The takeaway for health system executives is to do some research and learn as much as possible about the quality of care within your own network and also the potential MAO’s network. To survive and thrive, health systems must choose networks carefully and then leverage their positions to get the most favorable terms from payers.
Oliver Wyman often advises clients during contract structuring and negotiations and can provide network-specific data to inform decisions.
Risk Coding has Major Implications for Health Outcomes and Revenue
Accurately coding and recoding diagnosis codes has a meaningful impact on both the quality of patient care and a health system’s annual revenue. As providers consider global capitation plans, it is important to assess the organization’s risk coding performance.
From a clinical perspective, accurate coding results in more detailed and complete patient records, which facilitates more informed treatment by healthcare providers. Beyond the immediate medical benefits, good record-keeping builds patients’ trust and confidence and leads to longer tenures within healthcare systems.
A healthcare system’s revenue is also impacted by risk coding. Within CMS programs, the amount providers are reimbursed is determined by three factors: county location (affecting the benchmarks), morbidity (determined by risk coding), and quality rating (determined by the Star Rating at the contract level).
Of these, documenting morbidities is the only metric health system administrators fully control on a case-by-case basis. Correctly coding and recoding morbidities is key to sustaining revenue from year to year because providers are only reimbursed for the patients and conditions coded-in during the previous year.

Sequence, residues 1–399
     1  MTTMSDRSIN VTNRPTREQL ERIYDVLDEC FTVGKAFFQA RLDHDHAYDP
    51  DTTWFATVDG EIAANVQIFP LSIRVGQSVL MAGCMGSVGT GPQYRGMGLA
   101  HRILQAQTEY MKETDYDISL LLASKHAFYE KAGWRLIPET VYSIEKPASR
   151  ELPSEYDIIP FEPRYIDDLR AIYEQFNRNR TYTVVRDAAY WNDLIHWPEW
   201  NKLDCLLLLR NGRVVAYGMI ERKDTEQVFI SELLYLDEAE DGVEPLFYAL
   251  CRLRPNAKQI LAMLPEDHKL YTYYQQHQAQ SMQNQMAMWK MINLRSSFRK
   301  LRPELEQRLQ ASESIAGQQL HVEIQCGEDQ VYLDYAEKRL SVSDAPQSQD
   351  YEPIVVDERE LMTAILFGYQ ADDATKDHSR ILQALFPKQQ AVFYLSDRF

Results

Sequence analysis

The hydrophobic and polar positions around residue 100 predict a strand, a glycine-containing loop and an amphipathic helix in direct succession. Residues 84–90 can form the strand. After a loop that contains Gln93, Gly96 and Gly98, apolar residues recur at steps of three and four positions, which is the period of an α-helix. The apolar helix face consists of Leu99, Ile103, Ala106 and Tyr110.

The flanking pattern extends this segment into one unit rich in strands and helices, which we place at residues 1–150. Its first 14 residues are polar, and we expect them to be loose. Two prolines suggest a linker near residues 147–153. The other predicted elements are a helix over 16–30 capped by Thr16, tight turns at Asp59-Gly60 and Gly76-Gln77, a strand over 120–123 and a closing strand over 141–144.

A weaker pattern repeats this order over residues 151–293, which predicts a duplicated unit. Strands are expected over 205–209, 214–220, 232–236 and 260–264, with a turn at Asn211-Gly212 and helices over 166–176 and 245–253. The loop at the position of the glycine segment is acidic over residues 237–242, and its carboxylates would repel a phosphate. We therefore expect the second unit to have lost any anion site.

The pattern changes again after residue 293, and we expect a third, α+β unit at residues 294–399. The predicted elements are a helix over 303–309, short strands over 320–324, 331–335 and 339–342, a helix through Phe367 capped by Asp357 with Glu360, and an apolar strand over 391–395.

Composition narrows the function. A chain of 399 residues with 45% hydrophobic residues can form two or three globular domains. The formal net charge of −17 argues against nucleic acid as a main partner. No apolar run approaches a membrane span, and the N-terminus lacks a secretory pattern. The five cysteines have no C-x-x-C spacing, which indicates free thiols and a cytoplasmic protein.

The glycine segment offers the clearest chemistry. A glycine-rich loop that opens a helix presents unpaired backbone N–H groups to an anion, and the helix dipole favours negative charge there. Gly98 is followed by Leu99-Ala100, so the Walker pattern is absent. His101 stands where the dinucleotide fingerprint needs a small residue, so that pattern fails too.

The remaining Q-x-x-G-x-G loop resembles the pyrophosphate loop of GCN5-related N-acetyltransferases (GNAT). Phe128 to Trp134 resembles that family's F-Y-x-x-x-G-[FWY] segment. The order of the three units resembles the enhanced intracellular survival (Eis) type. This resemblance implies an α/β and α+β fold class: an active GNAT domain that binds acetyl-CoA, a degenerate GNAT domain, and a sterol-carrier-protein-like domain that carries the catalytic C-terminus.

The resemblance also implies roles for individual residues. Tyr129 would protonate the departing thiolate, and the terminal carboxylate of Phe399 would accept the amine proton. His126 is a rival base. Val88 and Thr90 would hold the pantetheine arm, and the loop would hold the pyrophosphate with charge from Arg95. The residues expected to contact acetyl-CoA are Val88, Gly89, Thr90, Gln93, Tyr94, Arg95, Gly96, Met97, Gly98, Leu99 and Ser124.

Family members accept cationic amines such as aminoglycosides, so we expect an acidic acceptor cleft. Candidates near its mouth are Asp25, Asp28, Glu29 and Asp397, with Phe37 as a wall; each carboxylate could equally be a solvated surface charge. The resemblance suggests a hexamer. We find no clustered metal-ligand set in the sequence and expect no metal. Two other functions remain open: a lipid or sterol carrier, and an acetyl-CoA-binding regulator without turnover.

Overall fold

For example, if a patient with diabetes is not accurately risk coded during each year, the provider will not be reimbursed for the patient’s diabetes for the years when it is not coded, even though the patient still has the condition.
This is not an issue under fee-for-service payment models. However, with global capitation contracts under Medicare Advantage, providers are reimbursed a capitated amount that is risk adjusted annually, based on the morbidities risk coded each year.
The Healthcare Industry is Changing
The landscape is changing rapidly for providers actively partnering with MAOs, and understanding the trends is critical to succeeding under a global capitation reimbursement model.
MAOs will start to expect higher performance from their provider partners in the future, which will translate to increased expectations for providers to take greater risks on their Medicare Advantage populations. These expectations could emerge through greater downward pressure on the DOFR percentage, fewer claim type carve-outs from the DOFR, increased expectations for the provider quality contribution, or several other areas within the contracting process.
In the future, the business requirements to be successful and profitable under these pressures will create additional enterprise challenges for many provider systems.
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Cassidie Cade, ASA, MAAA also contributed to this article.